NOELLA COURSARIS MUSUNKA is changing lives through Malaika
…partners with FIFA, others to chart this course
Noella Coursaris Musunka is a Congolese/Cypriot philanthropist, an international model, and Founder & CEO of Malaika. A unique and fearless spokesperson and the face of leading beauty and fashion campaigns across the globe, Noella is a voice for the power of girls’ education worldwide.
Founded in 2007, Malaika is a grassroots non-profit that educates and empowers girls and their communities in the Democratic Republic of the Congo. Today, Malaika’s education and health programs are impacting thousands of people’s lives and are all offered free of charge.
She is an ambassador for The Global Fund to Fight AIDS, Tuberculosis, and Malaria, an advisor at Concordia, and a member of the advisory Boards of the Segal Family Foundation and the World Football Summit.
Born in Lubumbashi in the Democratic Republic of the Congo, she told Financial Times that when she was five, her father passed away and her mother didn’t have the means to take care of her, so she was sent to live with relatives in Europe. During the 13 years she was away, she had very little contact with her mother – just a few letters – but she did have the opportunity to get an education.
Take us through your formative years and influences
My childhood was difficult. I was born in the Democratic Republic of Congo and when I was just five years old, my father passed away suddenly. My mother couldn’t afford to keep me and sent me to live with relatives in Europe. It was not a loving environment to be raised in, and I only spoke to my mother a handful of times on the phone and we exchanged a few letters. Despite the difficulties, I was given the opportunity to get an education and I threw myself into it and tried to do the best I could. It made me a strong person and helped me to have that inner drive to succeed.
What inspired your passion for philanthropy?
I went back to the DRC for the first time when I was 18. I was reunited with my mother and when I saw her living condition, I was shocked. There was hardly any infrastructure, no electricity, no running water. There were many children out of school, and the majority of them were girls. It struck me then how privileged I had been to gain an education. In the DRC, families have to pay to send their children to school and so boys’ education is prioritised. I knew I needed to give back to my home country out of what I had been able to achieve because of my own education. During that visit when I was 18, the dream for Malaika was planted in my heart and my passion to bring education to girls was ignited. Presently, there are over 50 million children out of school in sub-Saharan Africa and so I continue to advocate for this course.
Share with us about your modelling career
After I finished my degree back in Europe, some friends entered me into a competition to be the model in a campaign for Agent Provocateur. I won and then landed other modelling work, soon travelling to cities like London and New York to model in various campaigns. I was a tomboy growing up and never thought I’d work in the fashion industry, but my career grew from there, and I have been lucky to work with some incredible brands such as, Roksanda, Versace, and many others. Over my career journey, I have adopted the phrase ‘modelling with meaning’ and that represents the way I will bring in some element of giving back into the campaigns I’m working on. Malaika has had several partnerships with brands that have helped fund our work. I also now prioritise working with brands that value sustainability and fair treatment of workers in their supply chains.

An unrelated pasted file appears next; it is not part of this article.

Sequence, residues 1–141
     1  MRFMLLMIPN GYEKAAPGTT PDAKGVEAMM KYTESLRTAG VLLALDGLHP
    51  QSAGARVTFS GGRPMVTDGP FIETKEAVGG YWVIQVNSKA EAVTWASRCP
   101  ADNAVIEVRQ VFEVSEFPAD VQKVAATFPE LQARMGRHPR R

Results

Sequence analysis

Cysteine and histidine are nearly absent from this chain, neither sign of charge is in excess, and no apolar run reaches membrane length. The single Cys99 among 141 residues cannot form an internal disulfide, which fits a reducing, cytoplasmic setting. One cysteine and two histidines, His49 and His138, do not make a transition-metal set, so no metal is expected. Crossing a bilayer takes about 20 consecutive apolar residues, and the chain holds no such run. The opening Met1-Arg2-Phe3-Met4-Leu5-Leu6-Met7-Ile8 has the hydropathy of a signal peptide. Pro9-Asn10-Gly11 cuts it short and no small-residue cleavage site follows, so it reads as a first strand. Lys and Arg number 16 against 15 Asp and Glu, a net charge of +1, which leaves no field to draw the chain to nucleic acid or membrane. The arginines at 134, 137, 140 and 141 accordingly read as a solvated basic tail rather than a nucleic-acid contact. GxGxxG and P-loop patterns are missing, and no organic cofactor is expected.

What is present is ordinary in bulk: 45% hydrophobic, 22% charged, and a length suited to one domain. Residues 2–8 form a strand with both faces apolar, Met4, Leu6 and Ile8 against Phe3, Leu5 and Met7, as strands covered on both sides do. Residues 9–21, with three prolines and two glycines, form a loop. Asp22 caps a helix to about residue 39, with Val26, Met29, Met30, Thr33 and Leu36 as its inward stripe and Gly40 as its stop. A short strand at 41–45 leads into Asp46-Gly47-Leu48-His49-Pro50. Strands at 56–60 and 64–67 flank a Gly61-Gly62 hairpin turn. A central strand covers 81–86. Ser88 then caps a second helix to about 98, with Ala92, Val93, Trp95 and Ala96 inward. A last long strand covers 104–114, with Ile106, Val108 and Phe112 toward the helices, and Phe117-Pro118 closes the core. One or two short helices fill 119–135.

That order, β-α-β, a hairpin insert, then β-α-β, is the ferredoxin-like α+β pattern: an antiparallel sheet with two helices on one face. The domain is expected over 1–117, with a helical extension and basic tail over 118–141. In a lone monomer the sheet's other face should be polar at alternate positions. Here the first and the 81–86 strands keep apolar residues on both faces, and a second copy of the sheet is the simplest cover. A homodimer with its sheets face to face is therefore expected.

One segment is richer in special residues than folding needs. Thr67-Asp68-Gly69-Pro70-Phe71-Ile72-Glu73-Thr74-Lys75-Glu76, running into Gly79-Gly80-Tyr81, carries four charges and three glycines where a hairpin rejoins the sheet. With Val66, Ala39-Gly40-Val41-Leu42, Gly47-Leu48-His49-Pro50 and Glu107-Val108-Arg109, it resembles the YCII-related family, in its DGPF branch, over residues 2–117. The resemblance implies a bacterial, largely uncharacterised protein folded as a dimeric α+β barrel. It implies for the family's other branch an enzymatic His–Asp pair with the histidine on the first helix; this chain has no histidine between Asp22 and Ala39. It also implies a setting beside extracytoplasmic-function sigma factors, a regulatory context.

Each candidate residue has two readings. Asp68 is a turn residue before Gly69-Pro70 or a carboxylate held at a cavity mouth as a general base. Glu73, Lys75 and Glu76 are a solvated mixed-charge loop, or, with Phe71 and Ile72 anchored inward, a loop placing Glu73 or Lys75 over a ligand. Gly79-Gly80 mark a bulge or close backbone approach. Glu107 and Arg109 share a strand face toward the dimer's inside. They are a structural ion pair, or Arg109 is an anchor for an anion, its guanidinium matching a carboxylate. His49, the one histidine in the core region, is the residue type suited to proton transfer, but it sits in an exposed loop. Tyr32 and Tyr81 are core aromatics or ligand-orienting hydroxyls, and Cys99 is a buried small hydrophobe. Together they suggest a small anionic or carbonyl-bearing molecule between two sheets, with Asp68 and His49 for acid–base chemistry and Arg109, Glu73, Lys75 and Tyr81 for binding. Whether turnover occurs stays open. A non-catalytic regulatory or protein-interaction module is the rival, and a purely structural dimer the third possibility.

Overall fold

What advice do you have for anyone who desires to be a model?
It’s a very competitive industry but if you want it, keep believing in yourself. If there is anything that’s different about you or makes you stand out, don’t try to change it but lean into it.
As the face of leading beauty and fashion campaigns across the globe, what would you say is your distinguishing factor?
It is my values and priorities in terms of philanthropy. Modelling isn’t just about your physical appearance but who you are as a person comes through. I am grateful that modelling and the other work that I do sitting on various boards has provided me with a platform to start Malaika and the ability to continue to generate the funds we need to run the programs. I work entirely voluntarily for Malaika and my other work enables me to do that. I work very hard in everything I do and have an amazing team around me.
What is Malaika about?
Malaika was founded in 2007 in order to provide girls with education. Over the past 15 years, our mission has grown to be: empowering girls and their communities through education and health programs. We have a primary and secondary school that provides education to 430 girls, including STEM, English, music, theatre, art and sport. In partnership with FIFA, we built a community centre that provides technical classes in mechanics and electricity, which we launched this year in partnership with the Caterpillar Foundation, and sport for development to 5000 youth and adults each year. We have built and refurbished 28 wells to provide 32,000 people with clean, potable water, protecting them from water borne diseases. We are also involved in agriculture.
Your programmes for the girls are all free of charge, how have you sustained it?
We have worked hard over the years to build a facility that is sustainable. Over 80% of the funds raised go directly to funding the programs, there are few overheads and we have a large cohort of volunteers around the world. We ask donors to commit to sponsoring a girl’s education, or a STEM program, or some school supplies. Fashion brands have been great donors too and every year I donate my birthday.